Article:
I've been looking forward to my fourth and maybe final train trip, since I'm graduating in two months. The first year, 1995, I rode from my town of Missoula, Montana to Vancouver (WA), Seattle, and back to Whitefish (MT). From there I hitchhiked home. The next year I set out eastbound with no particular destination in mind. I went to Alliance (NE), Denver, Amarillo and finally Winslow (AZ). That trip I flew home. The next year, 1997, I rode west to Spokane, then cut a sharp right and took the hi-line to Chicago - one train, 2 ½ days. The trip back got me busted in Minnie and I Greyhounded it home. This year, I wanted to cover some new routes, get some miles in, and most importantly do a round trip and get a train back home. Did I do it? Read on.
I made a plan to meet The Grinch in Ogden (UT) on Wednesday night. I left Missoula on Friday morning with my friend The Wombat. That gave us about six days to get to Ogden - should be enough time to go via Laurel (MT) and Denver. At Ogden, the Wombat would bus it home to get back to work and The Grinch and I would continue to Portland (his home) and then me back to Missoula.
We had a great ride to Laurel. Getting out was a bitch, and the Wombat headed home on Sunday morning. I grabbed the last car of a short southbound on the fly at noon that day. The ride to Wyoming was excellent.
My train got yarded in Greybull, WY (a crew change) on Sunday evening. I strolled around town for a while. When the sun had gone down and I didn't have a train, I approached some yard workers to inquire and found them to be enormously helpful.
It turned out that the train that I'd come in on was almost ready to go out southbound again. They had switched it a bit, and moved it down to the other end of the yard. It couldn't leave until it got one of the units on the train that was being switched, so they invited me to hang out with them. They also mentioned that it was a really muddy (½ mile) walk down there, so why don't I let them give me a ride in the Suburban. "Okay", I said.
They told stories of the "Big Nuthin', Same Fuckin'" railroad. (that's BNSF!). How cars, and even whole trains would get lost. How they were given laptops to record yard activity, but then couldn't use them because they wouldn't download. How he had to give information by voice to a gal in Denver who hardly spoke English.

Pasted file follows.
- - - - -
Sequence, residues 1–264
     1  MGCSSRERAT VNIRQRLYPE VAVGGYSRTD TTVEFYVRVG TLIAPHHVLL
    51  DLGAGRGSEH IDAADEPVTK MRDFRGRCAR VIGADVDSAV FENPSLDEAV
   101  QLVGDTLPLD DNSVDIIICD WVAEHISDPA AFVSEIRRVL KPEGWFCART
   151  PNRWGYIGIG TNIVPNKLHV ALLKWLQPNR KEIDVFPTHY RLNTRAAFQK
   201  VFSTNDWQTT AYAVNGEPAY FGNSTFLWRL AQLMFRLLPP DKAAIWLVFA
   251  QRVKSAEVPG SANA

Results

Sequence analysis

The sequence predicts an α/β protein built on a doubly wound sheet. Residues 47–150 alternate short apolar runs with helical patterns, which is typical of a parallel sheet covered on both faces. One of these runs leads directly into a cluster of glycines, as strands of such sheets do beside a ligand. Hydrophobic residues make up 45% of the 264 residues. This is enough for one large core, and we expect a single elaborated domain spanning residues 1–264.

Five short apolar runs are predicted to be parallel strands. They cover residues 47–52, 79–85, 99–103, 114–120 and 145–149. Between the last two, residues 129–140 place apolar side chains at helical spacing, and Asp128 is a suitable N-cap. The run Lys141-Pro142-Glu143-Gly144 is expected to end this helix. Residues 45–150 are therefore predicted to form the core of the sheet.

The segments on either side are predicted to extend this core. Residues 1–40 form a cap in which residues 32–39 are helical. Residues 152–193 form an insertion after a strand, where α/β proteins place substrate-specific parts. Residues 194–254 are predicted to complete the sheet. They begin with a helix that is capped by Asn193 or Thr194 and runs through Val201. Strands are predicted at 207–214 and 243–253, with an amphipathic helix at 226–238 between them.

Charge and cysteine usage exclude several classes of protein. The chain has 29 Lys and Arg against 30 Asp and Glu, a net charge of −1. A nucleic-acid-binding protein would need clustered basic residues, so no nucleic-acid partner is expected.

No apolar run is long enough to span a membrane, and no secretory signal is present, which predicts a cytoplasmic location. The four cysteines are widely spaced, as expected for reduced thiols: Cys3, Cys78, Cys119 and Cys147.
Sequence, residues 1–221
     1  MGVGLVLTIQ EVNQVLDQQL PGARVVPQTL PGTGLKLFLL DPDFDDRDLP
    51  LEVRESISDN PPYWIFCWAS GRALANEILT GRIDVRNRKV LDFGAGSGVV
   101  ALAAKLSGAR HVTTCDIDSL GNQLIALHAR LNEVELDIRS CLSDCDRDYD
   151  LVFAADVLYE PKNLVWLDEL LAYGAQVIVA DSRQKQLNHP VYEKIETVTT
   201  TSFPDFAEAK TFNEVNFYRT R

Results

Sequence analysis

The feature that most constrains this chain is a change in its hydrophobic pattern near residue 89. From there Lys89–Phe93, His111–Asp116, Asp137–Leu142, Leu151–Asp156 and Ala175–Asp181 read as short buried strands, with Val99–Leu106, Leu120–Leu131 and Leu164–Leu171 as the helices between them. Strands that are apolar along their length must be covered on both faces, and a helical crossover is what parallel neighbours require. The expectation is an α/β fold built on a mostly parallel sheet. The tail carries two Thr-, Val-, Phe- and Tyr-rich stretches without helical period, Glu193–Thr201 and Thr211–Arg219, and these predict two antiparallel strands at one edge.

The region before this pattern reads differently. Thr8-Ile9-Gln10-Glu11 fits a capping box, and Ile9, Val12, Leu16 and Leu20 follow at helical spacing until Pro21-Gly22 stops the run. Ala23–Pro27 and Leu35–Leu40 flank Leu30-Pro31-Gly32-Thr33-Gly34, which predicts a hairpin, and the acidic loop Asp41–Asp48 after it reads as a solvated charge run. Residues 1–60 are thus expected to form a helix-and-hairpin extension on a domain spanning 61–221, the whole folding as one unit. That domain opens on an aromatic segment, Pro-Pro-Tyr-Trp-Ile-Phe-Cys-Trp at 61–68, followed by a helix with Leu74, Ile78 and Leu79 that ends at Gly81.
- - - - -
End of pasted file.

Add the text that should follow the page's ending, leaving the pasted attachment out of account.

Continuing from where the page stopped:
I rode around with them while they finished switching that train, then they drove me over to the outbound train. It had changed since I'd been on it before. The hopper I'd ridden was now right behind the units, but was to be set out at Bonneville - "There's nobody there, no water, you'll be dead by noon tomorrow if you get set out there because you'll kill yourself due to boredom". Other rideable cars were sitting in the yard now, and some gondolas I'd seen before were full of "irradiated earth". So, they suggested I sneak into the 2nd unit (the third was a cabless type GE). Then, they asked the engineer if it was okay, and he said yes.
The brakeman welcomed me into the GE B30-7A. He'd been kicked out of the lead unit because there was an engineer trainee up there. We chatted about all kinds of stuff for a while, then after he finished his switching duties at the first stop, we both fell asleep. Being in a cab was a new experience. It's pretty loud in one of those cabs - louder than a stack train anyway. The brakeman told me that he figured that it was quieter riding on the rolling stock. But with wind, flat wheels, draft gear and track noise, it's pretty damn loud back there. They dropped me off just outside of the Casper yards at about an hour before dawn. I would've stayed on, hid in the toilet compartment or something, but I'd heard that this train was going to Lincoln (NE), not Cheyenne.
I found another southbound in short order. Soon, I was rolling through a dense, frigid fog in central Wyoming. Cheyenne bound on Monday morning. It had taken three days to get to Casper from Missoula, and I wanted to be in Ogden in less than that from there, so maybe going to Denver would be too much. By the time I got to Cheyenne, I had decided to switch to UP there and head west.
I grabbed a double-stack well at the UP yard and fell asleep. Tuesday morning was chilly - barely 20 degrees. I'd only covered about 175 miles overnight, I figured via my road map. Sleeping under my blanket was okay, but now in the Great Basin of the Continental Divide, we were at 5 or 6,000 feet elevation and I was really feeling the cold. I prayed for sun and had a breakfast of oatmeal and prunes. The air gradually warmed up, and I stayed down out of sight because I-80 was right next to me. The next stop was Green River (WY), a quick crew change. Another 30 miles west took me to Granger, where the track splits: Ogden or Pocatello. My train took the south route. Before too long, I was travelling over the Wasatch Range into Utah. Some beautiful scenery accompanied the light snow, which turned to rain. I ate chocolate.
My train rolled into Ogden mid-afternoon Tuesday. I had over a day to kill before I met up with The Grinch for our trip to Portland. I had a bit of a walk into town, then I found myself a cheap motel and my weary bones hit the mattress.